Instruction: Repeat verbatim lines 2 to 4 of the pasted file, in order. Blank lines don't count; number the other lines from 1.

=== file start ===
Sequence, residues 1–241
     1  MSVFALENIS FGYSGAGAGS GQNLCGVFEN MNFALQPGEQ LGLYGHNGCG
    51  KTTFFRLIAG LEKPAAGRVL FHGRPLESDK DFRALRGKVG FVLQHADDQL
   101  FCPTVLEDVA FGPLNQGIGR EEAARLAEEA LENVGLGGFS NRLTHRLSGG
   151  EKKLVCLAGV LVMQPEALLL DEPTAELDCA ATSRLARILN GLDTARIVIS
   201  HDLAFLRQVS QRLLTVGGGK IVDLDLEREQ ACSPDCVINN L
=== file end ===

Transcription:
     1  MSVFALENIS FGYSGAGAGS GQNLCGVFEN MNFALQPGEQ LGLYGHNGCG
    51  KTTFFRLIAG LEKPAAGRVL FHGRPLESDK DFRALRGKVG FVLQHADDQL
   101  FCPTVLEDVA FGPLNQGIGR EEAARLAEEA LENVGLGGFS NRLTHRLSGG